The most pow­er­ful woman in the East

Nur Ja­han took charge of the Mughal em­pire while her hus­band was drunk as a lord, says SAMEER RAHIM

Irish Independent - Weekend Review - - BOOKS -

Bi­ogra­phies of “for­got­ten women” have been a flour­ish­ing in­dus­try for well over a decade, es­pe­cially those in Europe. But there are still many women in the East — in the Is­lamic world es­pe­cially — whose sto­ries have yet to be told. Male court his­to­ri­ans have un­der­val­ued the con­tri­bu­tions of such women — usu­ally the wives or moth­ers of pow­er­ful men — to their civil­i­sa­tions. That means the mod­ern his­to­rian wish­ing to re­con­struct their lives has very lit­tle re­li­able ma­te­rial with which to work.

Ruby Lal, an In­dian his­to­rian now teach­ing in Amer­ica, faces ex­actly these chal­lenges in writ­ing the bi­og­ra­phy of the Mughal em­press Nur Ja­han, a near con­tem­po­rary of El­iz­a­beth I. That she suc­ceeds so ad­mirably with a rel­a­tive lack of au­then­tic ma­te­rial is a trib­ute to her dex­ter­ity as a writer. She en­livens the mostly aus­tere his­tor­i­cal record by in­clud­ing (with due caveats) the many en­ter­tain­ing leg­ends that have ac­crued around Nur Ja­han over the cen­turies. In so do­ing she not only paints an ab­sorb­ing portrait of a re­mark­able woman, but also of­fers a stylish re­con­struc­tion of a fas­ci­nat­ing slice of Mughal life.

Nur Ja­han (“Light of the World”) was Em­peror Ja­hangir’s 20th and fi­nal wife. When she mar­ried him in 1611, she was a 31-year-old widow. Her first hus­band was a re­spected no­ble­man who came to a sticky end when he re­belled against Ja­hangir. Later sto­ry­tellers and film-mak­ers, keen on cre­at­ing a dra­matic love story, have spec­u­lated that the em­peror and Nur Ja­han had been sweet­hearts be­fore her mar­riage — her orig­i­nal name was Mihr-un-Nisa: her fam­ily were refugees from Per­sia, who were fi­nally re­united af­ter her con­ve­nient wid­ow­hood.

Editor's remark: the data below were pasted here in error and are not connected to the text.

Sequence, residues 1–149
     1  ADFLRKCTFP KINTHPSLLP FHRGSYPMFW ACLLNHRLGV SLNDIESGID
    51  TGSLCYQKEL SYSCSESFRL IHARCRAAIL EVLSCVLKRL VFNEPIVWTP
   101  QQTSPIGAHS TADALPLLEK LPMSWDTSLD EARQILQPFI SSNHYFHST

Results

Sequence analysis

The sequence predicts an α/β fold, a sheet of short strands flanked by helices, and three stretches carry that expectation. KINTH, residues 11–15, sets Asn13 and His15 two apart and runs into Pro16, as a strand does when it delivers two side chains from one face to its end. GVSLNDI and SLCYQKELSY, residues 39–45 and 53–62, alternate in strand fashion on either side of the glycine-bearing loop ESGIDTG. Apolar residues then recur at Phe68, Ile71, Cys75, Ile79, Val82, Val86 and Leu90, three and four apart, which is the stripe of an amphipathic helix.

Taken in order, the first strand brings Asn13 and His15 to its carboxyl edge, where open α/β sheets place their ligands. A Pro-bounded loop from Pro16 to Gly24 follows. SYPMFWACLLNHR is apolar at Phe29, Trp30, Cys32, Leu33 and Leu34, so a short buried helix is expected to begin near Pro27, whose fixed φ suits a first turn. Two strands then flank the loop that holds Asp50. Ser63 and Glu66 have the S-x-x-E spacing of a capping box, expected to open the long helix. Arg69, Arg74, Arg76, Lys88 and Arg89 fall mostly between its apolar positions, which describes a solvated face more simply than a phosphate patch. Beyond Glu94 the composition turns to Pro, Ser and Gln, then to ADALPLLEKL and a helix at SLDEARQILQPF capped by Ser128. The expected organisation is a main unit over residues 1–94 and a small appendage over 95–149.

Ja­hangir, like his fa­ther Ak­bar, was a re­li­giously tol­er­ant and cul­tured monarch who liked to sur­round him­self with mu­si­cians and poets. He loved im­pe­rial pomp, and moved his lux­u­ri­ous court around his In­dian em­pire to show his peo­ple who was in charge. His mo­bile Hall of Pri­vate Au­di­ence was likely to have con­tained 72 rooms with 1,000 car­pets.

But he was also a drunk and a drug ad­dict. Al­co­holism was com­mon among Mughal monar­chs, but even so, he packed it away: Lal tells us he drank “20 cups of dou­bly dis­tilled spir­its, 14 dur­ing the day time and the re­main­der at night”. He didn’t help mat­ters when he be­gan mix­ing al­co­hol with opium. In his mem­oirs, Ja­hangir ad­mits that the only per­son who could help him tame his drink­ing was his favourite, Nur Ja­han.

A keen ob­server of court pol­i­tics and state­craft, Nur Ja­han took on more re­spon­si­bil­ity for run­ning the em­pire while her hus­band dis­tracted him­self with frip­peries. Nur Ja­han is­sued or­ders in her own name and, in 1616, gold and sil­ver coins were minted with her im­age on the ob­verse side of her hus­band’s. She signed her own name on of­fi­cial doc­u­ments: Nur Ja­han, the Lady Em­peror.

Where did she learn her po­lit­i­cal skills? Lal spec­u­lates that it was in the harem, which was full of rivalries and al­liances be­tween the sovereign’s Mus­lim and Hindu wives. Lal writes: “She seemed more canny than other royal women her age about the work­ings of the em­pire, exhibiting the knowl­edge ex­pected of es­teemed el­der women like her harem men­tors.” Not that she wielded her power solely through the stereo­typ­i­cal fe­male wiles of gos­sip and ma­nip­u­la­tion: she was a fierce woman, who on a hunt­ing trip with her hus­band once shot dead a tiger — a typ­i­cal sym­bol of mas­cu­line au­thor­ity. When Ja­hangir was cap­tured dur­ing a re­bel­lion, she rode to his res­cue on an ele­phant.